against the name of "Topliffe Briggs, Junior," deposited, dollar by
dollar, and representing countless acts of self-denial on the part of
the industrious couple, and his possible profession was a favorite theme
of family converse.
"For that matter, there's lot o' things a scholard like him ken do,"
rejoined Top, Senior, with affectionate confidence in his heir's talents
and acquirements. "'Tain't like 'twould be with a feller like me whose
arms an' legs is his hull stock in trade. Why, I min' seein' a leetle
rat of a man come on board one time 'scorted by a dozen 'o the biggest
bugs in the city, an' people a-stretchin' their necks out o' j'int to
ketch a look of him. Sech a mealy-faced, weak-lookin' atomy he was! But
millions o' people was a-readin' that very day a big speech he'd made in
Washin'ton, an' he'd saved the country from trouble more 'n once. He
mought 'a' been President ef he had chose to run. That's the good o'
hevin' a tiptop head-piece."
"I've made up my mind!" said Top, Junior, with an air. "I'm goin' to be
a Hero! Like Julius Cæsar an' Alexander an' William Tell an' Captain
John Smith, an' other men I've read about. I wish you would be a
Hero, father! It's ever so much nicer than runnin' an engine. Won't
you—please! You are strong enough and good enough for anything, an' you
know a great deal about things!"
The blue eyes were bright and wistful, his hand stole up to the bushy
whiskers, ginger-colored from exposure to the air and boiler-heat.
"Me, a hero! Haw! haw!" roared the engineer, letting fall his knife
and fork in his merriment. "I'd cut a figger at the head of an army,
or speakin' in Congress, or a-setten' on a gold throne, wouldn't I? No!
no! my man!" sobering down suddenly, into a sort of sad dignity. "Yer
father ain't got the brains nor the eddication for nothin' of that kind!
All he ken do is to live clean an' honest in the sight o' the Lord, an'
to run his ingine 'cordin' to the best o' his lights."
"The Lord's too reasonable to expect more of you'n to do your duty in
the place where's He's put you," said the wife gently.
"I hope he is, Mother! Ef he looked for more—or for any big thing 's
fur as that goes, the chances are He'd be disapp'inted. I hev plenty o'
time fur thinkin' while we're scootin' 'cross the level country an'
creepin' up steep grades, an' I've worked it out to my own satisfaction
that somethin' else I've got to be thankful fur, is that my way in
life's been marked down so plain. 'Seems if I he'd been sot onto rails
pretty much's She is, an' 's long ez I do my level best on that 'ar
line, why, it's all I ken do. That's the hull of it! I ain't no
speechifier, you see, Junior"—with an embarrassed laugh at the boy's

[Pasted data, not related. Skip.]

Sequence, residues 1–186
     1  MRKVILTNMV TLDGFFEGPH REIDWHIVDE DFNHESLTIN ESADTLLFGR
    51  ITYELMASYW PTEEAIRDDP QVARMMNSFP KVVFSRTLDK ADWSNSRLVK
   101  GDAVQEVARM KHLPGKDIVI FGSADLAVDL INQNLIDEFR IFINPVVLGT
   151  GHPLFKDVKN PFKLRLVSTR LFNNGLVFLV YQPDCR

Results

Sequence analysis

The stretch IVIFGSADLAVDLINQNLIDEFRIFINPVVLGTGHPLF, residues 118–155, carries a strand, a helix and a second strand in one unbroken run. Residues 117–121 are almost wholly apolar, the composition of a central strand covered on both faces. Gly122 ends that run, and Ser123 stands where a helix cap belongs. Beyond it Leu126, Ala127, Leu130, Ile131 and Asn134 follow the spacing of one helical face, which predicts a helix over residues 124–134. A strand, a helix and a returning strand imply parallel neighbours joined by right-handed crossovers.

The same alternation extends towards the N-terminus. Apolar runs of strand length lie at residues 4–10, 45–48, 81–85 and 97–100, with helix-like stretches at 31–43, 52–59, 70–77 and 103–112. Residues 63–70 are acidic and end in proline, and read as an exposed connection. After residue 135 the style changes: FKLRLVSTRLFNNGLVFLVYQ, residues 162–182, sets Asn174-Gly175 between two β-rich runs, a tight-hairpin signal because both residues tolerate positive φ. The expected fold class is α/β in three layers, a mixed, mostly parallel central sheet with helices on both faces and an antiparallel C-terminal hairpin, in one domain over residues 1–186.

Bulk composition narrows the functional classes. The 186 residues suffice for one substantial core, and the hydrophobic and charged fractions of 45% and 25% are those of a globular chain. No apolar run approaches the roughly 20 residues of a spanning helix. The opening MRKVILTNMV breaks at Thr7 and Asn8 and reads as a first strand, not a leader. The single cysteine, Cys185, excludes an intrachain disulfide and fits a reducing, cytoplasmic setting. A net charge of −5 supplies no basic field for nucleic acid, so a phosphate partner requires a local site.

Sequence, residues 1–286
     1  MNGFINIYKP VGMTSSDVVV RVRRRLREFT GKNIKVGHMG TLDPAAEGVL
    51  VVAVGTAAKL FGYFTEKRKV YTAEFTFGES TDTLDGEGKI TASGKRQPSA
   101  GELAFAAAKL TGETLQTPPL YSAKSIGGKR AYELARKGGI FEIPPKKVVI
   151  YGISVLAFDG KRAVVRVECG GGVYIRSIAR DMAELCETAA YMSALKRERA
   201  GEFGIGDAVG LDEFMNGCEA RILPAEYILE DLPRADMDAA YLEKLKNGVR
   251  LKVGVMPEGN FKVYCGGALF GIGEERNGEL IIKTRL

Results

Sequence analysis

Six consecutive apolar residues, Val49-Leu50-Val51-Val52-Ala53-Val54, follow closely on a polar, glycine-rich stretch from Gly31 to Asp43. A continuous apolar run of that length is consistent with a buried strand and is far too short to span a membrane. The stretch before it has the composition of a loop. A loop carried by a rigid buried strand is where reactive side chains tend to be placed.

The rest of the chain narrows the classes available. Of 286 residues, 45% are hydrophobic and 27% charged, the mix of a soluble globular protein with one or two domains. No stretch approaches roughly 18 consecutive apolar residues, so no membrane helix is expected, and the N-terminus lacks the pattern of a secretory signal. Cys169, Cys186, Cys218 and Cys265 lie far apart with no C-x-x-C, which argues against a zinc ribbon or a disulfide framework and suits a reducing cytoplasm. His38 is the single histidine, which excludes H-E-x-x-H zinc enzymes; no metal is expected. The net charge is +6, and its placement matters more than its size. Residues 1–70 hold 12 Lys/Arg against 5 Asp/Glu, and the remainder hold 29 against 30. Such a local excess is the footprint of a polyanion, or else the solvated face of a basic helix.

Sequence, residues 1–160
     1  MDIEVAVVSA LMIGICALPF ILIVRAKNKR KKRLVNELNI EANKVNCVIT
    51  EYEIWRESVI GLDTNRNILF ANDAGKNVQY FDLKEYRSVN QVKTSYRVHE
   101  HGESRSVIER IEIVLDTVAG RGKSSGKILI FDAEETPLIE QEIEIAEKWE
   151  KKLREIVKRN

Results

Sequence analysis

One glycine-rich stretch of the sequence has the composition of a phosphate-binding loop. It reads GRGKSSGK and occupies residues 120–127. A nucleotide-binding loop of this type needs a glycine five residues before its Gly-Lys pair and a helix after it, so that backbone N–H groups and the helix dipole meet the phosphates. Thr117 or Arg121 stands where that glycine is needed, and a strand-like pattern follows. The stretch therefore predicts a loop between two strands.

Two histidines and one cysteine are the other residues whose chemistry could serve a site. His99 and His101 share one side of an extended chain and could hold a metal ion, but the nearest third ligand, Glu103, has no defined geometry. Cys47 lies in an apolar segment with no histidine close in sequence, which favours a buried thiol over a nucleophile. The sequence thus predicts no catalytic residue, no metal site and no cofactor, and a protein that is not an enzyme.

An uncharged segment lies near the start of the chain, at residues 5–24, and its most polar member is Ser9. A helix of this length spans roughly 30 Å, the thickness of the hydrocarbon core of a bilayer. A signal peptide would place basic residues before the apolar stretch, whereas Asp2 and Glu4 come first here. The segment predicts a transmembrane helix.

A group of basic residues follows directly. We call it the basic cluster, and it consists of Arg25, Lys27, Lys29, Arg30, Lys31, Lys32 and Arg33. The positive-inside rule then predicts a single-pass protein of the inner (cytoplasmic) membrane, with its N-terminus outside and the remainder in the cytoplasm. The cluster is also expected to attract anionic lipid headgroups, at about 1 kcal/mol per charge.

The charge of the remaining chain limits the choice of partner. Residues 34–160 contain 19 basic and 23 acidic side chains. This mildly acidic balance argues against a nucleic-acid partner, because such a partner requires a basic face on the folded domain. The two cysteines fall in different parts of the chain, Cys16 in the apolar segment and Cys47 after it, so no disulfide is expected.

evident discontent—"I'll hev to depen' on you fur to say it—or maybe,
write done ship-shape, some o' these notions o' mine, some day. I'd git
better holt o' them myself ef I was to hear somebody what knowed how to
put things go over 'em. Mother! eddication wouldn't learn no woman how
to make better bread'n yourn. Fact is, there's nothin' ekal to home, an
home-vittles an' home-folks! With such a livin' ez I've took in, I
sha'n't need a bite at the Agapolis deepo. We're half an hour there, but
I hate the very smell o' them eatin' houses! An' please God!
I'll bring Her in at twelve—sharp!"
He pulled on his overcoat and felt in the pocket for his gloves. "I'm
main proud o' them fellers!" he said, fitting one to a hand half the
size of a leg-of-mutton and not unlike it in shape.
He had said the same thing every time he put them on since Christmas.
They were a holiday gift from the conductors on the line between the two
cities which was his semi-daily beat.
"I take a world o' comfort in them, this freezin' weather. Fact is,
Mother, this world's been pretty full o' comfort, all the way through,
for us—a nice easy grade—ef yer father ain't a Hero, Junior!
Six-twenty! I mus' be off! I like to be there in time to see thet Stokes
is on han' an' all right. Ef you don't min', Mother, we'll hev him to
dinner nex' Sunday. I want to do somethin' t'wards savin' Stokes.
'Specially ez he's on my line!"
At six-fifty, Top, Junior, from his post at the calla-window, saw the
long line of cars, spaced by dots of murkey red, the luminous plume of
smoke trailing, comet-wise, above them, slowly pass over the bridge. It
was a cloudy evening and the marsh-mists swallowed up the blinking
windows as soon as the train gained the other shore. Junior loved his
mother, but his father seemed to take most of the life and cheer out of
the room when he went. Existence stagnated for the boy who had no mates
of his own age.
"I wish he didn't hev to run in bad weather and nights!" he said,
"It's his business, child, an' your father ain't one to dodge his duty."